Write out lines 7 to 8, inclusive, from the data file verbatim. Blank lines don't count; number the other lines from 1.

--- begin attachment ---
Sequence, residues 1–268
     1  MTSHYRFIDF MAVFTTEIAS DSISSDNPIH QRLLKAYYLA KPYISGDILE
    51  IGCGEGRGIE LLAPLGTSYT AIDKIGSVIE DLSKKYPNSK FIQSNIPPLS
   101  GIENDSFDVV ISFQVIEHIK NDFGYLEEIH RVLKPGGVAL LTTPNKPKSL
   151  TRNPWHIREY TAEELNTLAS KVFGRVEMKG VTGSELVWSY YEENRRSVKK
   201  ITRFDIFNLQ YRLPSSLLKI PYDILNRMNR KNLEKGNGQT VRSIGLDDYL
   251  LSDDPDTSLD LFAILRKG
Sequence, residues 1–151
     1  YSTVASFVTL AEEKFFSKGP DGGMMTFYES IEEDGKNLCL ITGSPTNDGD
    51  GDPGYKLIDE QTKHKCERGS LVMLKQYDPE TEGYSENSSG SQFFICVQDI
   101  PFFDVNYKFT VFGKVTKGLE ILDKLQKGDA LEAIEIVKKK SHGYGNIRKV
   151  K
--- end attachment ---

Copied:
   251  LSDDPDTSLD LFAILRKG
Sequence, residues 1–151